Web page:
For those of you that are interested, here’s a rough timeline:

I was born in India but spent the first 17 years of my life in Muscat, Oman (don’t stress about having to Google that, I’ve got all the information you need right here). I moved to India to do my undergrad, and then moved to Chicago in 2013 for grad school.

In the process of all of these things, I read a LOT (reading under the duvet using a flashlight past my bedtime was a nighttime ritual that began in middle school). Then grad school happened, and I was swamped with so much academic reading that I barely had the time, or energy to read much else. However, with the people I was fortunate to meet in-person and/or interact with in the twitterverse, I became more cognizant of the social justice movement and engaged in educating myself in causes that I was passionate about (diversity, intersectional feminism, etc).  

Since the beginning of this year, I have gained some of my previous reading mojo which has led to several awesome things- creating interventions for my reading behavior, reading mindfully, connecting with members of the bookternet, geeking out about books with fellow booknerds, actively participating in readathons and reading challenges, and in general making my reading more meaningful and fulfilling. For all of this, I have to thank the good folks over at Book Riot, who are doing phenomenal work for the bookish community. They’ve (inadvertently) been pivotal in this whole attempt-to-put-thoughts-about-books-onto-paper thing.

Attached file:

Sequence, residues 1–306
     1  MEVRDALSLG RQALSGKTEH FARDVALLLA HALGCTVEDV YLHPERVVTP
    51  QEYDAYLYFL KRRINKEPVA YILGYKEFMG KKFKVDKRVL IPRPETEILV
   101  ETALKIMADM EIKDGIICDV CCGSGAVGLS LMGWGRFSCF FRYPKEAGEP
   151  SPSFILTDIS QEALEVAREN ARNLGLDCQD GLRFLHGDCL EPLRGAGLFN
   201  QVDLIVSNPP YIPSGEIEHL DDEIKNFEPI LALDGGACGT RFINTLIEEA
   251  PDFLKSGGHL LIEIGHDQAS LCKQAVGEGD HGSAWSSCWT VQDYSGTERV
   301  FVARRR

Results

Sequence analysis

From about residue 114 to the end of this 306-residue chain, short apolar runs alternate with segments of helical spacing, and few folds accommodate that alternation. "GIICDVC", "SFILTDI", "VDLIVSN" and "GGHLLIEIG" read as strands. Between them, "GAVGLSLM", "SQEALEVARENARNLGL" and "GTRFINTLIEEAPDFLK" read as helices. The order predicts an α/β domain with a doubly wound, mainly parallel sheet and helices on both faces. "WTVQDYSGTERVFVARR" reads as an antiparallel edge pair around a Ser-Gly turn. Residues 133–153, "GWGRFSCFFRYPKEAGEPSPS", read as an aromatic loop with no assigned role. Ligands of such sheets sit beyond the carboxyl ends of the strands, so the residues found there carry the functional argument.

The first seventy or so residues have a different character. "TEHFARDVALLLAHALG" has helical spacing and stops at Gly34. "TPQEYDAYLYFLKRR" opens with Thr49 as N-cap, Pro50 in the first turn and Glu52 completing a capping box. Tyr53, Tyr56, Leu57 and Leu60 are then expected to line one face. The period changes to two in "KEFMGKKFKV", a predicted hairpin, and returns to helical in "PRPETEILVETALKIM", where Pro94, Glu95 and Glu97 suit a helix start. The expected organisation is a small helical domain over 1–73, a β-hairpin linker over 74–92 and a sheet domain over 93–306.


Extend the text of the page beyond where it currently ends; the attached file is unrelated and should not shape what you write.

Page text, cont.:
Anyway, I don’t really know how I will be going about this. I mean, talking about books I’m enjoying- it shouldn’t be too hard yeah?

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Anyway, if you stumbled on this page on your way to read things written by people who know what they’re talking about, thank you for making it all the way to the end of the post. Feel free to say hi! 

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Books completed (2016)

This is a running list of the books (prose only, maybe graphic novels) I’ve finished reading in 2016. You can click on the title to be redirected to its Goodreads page: 

January

February

March

April

May

June

July